spaceSpace and PhysicsspaceAstronomy

We're About To Get Our First Ever Image Of A Black Hole


Jonathan O'Callaghan

Senior Staff Writer

Dotted Yeti/Shutterstock

If everything goes to plan, we should be getting our first image of a black hole sometime within a year.

Yesterday, scientists “switched on” a global array of telescopes with the goal of imaging the supermassive black hole 26,000 light-years away at the center of our galaxy, Sagittarius A* (Sgr A*). The project, called the Event Horizon Telescope (EHT), is running from April 5 to April 14, with the first results expected later this year or early in 2018.


“These are the observations that will help us to sort through all the wild theories about black holes. And there are many wild theories,” Gopal Narayanan at the University of Massachusetts Amherst, involved in the project, said in a statement. “With data from this project, we will understand things about black holes that we have never understood before.”

While we’re fairly certain black holes exist, we’ve never actually seen one. But we can infer their existence from their effect on stars and galaxies. At the center of our galaxy, for example, stars seem to be orbiting an unseen object. Elsewhere, we’ve seen intense amounts of X-rays and large jets of material believed to have originated from black holes.

But while they can be millions to billions of times more massive than our Sun, some – like Sgr A* – are only a few times bigger in radius. Sgr A* is about 30 times bigger in size to be exact. This makes them incredibly difficult to see, sort of like trying to image a grapefruit on the Moon according to Narayanan.

That’s where the EHT comes in. More than 10 telescopes around the world will be used to study Sgr A* in radio waves, with 14 institutions taking part. The data from all these arrays will then be combined to produce a single set of data, known as very long baseline interferometry (VLBI).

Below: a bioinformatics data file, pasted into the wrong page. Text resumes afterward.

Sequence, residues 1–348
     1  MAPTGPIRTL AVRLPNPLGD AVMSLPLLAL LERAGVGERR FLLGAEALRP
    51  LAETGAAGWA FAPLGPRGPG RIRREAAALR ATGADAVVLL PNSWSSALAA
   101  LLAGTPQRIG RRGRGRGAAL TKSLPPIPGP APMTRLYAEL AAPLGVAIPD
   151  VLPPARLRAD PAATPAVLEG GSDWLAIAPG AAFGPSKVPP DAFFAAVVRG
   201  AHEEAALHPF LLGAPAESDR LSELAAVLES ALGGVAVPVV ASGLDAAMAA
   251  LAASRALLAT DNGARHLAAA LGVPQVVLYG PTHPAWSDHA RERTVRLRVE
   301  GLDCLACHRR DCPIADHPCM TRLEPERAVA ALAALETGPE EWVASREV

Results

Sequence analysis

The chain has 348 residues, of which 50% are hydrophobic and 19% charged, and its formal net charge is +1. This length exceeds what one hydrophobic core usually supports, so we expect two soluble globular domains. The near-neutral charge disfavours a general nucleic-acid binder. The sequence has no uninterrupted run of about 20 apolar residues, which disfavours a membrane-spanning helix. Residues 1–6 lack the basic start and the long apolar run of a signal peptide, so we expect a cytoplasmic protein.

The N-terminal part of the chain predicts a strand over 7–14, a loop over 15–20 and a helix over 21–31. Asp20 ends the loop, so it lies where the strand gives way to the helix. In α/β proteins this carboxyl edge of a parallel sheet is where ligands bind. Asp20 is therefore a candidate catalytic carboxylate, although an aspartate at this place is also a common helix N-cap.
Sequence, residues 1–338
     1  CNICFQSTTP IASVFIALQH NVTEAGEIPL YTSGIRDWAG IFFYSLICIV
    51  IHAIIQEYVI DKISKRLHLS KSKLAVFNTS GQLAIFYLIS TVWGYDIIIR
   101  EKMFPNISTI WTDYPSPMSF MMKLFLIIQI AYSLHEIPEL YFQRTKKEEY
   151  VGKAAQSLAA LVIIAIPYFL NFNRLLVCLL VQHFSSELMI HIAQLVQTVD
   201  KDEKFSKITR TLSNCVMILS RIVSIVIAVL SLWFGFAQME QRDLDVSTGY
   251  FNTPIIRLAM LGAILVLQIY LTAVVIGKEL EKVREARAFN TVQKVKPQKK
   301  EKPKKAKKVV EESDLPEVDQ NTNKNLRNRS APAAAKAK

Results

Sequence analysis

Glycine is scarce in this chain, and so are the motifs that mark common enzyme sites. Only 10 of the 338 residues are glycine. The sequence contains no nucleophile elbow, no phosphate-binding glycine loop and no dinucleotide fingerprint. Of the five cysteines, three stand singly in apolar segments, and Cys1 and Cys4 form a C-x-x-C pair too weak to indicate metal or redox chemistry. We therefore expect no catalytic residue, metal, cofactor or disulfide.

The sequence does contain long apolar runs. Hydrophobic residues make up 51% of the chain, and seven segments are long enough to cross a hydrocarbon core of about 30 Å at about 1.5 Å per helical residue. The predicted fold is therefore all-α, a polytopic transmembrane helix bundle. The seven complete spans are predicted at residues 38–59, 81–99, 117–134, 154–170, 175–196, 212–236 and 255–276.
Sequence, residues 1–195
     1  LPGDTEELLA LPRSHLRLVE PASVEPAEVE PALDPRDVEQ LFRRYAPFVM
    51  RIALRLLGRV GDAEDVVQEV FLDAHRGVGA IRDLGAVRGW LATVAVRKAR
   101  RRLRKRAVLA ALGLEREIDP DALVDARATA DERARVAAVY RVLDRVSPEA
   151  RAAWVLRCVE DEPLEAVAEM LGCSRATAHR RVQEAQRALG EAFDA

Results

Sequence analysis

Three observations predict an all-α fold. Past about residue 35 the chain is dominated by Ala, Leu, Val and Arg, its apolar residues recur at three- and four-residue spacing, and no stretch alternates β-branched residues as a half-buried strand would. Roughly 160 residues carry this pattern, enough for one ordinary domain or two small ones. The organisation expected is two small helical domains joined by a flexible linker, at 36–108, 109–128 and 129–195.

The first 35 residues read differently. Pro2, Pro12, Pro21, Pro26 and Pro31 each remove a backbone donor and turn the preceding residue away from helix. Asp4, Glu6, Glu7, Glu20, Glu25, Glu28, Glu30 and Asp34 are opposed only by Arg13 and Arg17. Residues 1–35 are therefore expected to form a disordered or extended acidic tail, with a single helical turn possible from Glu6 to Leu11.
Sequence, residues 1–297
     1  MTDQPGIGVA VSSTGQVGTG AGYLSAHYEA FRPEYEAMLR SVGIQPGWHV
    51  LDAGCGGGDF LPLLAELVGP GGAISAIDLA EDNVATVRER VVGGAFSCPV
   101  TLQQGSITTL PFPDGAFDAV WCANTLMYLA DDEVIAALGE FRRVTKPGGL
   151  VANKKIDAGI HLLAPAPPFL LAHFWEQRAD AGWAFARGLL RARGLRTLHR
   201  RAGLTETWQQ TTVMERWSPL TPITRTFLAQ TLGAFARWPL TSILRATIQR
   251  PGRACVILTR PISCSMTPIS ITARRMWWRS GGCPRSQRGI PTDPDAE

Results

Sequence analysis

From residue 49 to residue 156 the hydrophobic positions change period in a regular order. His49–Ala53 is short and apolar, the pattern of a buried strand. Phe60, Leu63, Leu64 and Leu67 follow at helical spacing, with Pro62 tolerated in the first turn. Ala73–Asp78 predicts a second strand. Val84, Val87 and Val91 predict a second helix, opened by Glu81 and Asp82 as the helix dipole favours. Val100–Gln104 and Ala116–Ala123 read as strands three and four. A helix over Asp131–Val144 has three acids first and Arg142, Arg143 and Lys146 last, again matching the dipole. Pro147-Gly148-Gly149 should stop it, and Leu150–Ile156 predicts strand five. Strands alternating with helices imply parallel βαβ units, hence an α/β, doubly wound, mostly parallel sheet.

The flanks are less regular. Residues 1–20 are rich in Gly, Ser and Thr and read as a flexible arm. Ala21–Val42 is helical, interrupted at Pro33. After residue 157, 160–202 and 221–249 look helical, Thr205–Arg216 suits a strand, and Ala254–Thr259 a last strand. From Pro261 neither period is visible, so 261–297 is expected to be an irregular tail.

The EHT will also be used to study the physics of accretion, how a black hole pulls in matter. And it will also observe a supermassive black hole in another galaxy 53.5 million light-years away, Messier 87, which is 4 billion times the mass of our Sun and thus has a larger event horizon than Sgr A* at 4 million solar masses.

So much data will be produced that it will have to be physically flown to two central locations, at the Max Planck Institute in Bonn, Germany, and the Haystack Observatory in Massachusetts, rather than transmitted. And owing to the large amount of data, it will take a while to process everything.

"The data will likely be processed throughout the summer [2017], then the EHT team will be analyzing the results through the fall," EHT Director Shep Doeleman told IFLScience, noting that "we don't know what we will find!"

"I am confident that we will have exciting data," he added. "All that said, we should be able to attempt imaging of both Sgr A* and M87 with the new data, but we will likely require even more observations. Results from these observations should be coming out early in 2018."


And what could we see? Well, as the name suggests, scientists will hope to see the circular event horizon around the black hole. This is the region beyond that nothing, not even light, can escape. The image should hopefully show gas around the event horizon, appearing brighter on one side as the black hole rotates.

It really is going to be pretty awesome. So stay tuned for what might be one of the most amazing scientific projects of the century.


spaceSpace and PhysicsspaceAstronomy
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